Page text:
“They’re underpaid, and they’re overworked, and they get the crud kicked out of them by these kids,” Smidt said. “They do it because they have developed the ability to see beyond the behavior, and to find out why, and to help them and love them … to give them a chance at a future.”
Smidt has been held up as an effective mentor for teenage girls. In 2009, he and his wife were featured on an episode of the TV show “World’s Strictest Parents” for their handling of two “disrespectful” teenagers. But he tells the audience in 2020 that it’s the staff members who deserve all the credit for making a difference for the girls at Cornerstone.
“Eighty-seven percent of the kids that come into our program under these circumstances walk out showing marked improvement,” he said to applause.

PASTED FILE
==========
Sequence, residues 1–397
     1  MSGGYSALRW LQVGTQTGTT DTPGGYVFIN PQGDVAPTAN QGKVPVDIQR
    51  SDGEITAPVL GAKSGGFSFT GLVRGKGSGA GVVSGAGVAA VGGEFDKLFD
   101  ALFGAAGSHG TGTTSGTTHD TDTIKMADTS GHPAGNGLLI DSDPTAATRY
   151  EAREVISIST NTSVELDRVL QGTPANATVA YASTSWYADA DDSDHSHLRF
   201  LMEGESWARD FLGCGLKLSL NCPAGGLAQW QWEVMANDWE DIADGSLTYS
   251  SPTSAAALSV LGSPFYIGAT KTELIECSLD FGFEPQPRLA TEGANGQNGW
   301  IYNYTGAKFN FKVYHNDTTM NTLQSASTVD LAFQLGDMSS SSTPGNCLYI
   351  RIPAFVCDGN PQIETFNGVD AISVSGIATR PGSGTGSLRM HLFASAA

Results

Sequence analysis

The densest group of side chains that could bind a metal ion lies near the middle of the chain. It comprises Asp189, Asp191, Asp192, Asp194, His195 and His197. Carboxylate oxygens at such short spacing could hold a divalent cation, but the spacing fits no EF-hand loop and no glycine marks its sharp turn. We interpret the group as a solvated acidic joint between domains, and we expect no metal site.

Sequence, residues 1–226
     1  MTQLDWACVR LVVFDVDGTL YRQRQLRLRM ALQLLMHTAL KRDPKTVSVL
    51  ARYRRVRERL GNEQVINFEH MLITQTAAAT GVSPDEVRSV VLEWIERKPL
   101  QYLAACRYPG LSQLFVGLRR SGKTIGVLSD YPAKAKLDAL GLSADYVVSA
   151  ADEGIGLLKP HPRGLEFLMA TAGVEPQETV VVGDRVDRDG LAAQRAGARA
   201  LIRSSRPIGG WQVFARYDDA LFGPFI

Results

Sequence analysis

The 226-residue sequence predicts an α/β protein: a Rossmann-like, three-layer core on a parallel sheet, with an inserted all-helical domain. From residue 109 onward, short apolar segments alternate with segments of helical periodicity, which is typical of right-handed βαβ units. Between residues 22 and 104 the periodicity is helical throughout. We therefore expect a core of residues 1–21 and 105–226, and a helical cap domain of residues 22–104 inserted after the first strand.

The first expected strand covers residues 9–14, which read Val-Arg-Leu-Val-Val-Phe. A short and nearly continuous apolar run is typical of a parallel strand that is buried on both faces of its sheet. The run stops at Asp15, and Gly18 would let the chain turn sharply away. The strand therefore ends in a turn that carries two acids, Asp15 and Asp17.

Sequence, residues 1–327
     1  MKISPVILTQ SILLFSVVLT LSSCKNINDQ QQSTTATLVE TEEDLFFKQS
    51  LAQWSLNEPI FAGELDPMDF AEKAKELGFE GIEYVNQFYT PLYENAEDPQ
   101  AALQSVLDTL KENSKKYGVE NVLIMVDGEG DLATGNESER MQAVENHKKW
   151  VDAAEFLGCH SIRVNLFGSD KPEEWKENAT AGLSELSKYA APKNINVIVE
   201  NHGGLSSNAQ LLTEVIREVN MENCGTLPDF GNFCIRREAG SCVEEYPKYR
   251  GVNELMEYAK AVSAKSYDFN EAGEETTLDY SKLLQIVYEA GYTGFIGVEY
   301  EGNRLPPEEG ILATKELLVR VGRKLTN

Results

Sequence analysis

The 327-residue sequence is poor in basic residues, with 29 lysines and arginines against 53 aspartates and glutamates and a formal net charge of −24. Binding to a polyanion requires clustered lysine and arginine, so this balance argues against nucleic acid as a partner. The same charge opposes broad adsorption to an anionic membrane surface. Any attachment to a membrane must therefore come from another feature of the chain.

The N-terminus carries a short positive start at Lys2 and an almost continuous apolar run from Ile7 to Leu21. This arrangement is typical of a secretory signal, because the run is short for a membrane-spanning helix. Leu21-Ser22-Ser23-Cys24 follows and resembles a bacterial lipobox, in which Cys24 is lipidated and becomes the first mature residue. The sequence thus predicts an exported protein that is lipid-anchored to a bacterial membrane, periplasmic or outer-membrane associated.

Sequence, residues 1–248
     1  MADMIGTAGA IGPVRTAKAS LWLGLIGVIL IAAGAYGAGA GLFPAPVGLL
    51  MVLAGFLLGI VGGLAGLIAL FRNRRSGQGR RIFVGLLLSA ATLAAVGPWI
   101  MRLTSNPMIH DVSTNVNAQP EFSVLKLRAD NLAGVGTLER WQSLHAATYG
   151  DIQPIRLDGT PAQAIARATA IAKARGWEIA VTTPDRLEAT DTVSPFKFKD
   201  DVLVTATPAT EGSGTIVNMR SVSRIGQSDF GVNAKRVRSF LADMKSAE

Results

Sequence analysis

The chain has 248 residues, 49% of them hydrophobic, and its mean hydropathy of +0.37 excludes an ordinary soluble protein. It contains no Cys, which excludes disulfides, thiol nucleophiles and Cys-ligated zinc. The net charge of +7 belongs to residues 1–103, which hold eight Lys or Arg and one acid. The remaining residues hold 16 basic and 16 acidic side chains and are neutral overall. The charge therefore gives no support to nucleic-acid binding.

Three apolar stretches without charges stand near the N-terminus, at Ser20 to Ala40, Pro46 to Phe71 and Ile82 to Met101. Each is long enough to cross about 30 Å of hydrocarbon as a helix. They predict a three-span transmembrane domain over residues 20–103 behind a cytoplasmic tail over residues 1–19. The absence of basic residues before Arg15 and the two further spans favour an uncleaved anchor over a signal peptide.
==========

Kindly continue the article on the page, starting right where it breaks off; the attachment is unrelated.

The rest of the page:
That didn’t match the experience of many girls who went to Cornerstone seeking help.
On Slack, a messaging platform used by Cornerstone, employees frequently posted updates about girls being sent to the hospital or put in handcuffs due to self-harm behaviors or violent outbursts. Former employees told InvestigateWest that mental health treatment happened once a week at most — far less than experts say was necessary. Smidt counters that staff wasn’t always aware of the work therapists were doing with the kids.
Mara Deloney was first placed at Cornerstone in 2016. She’d been in foster care following the death of both her parents and was told she needed inpatient treatment to address her angry outbursts.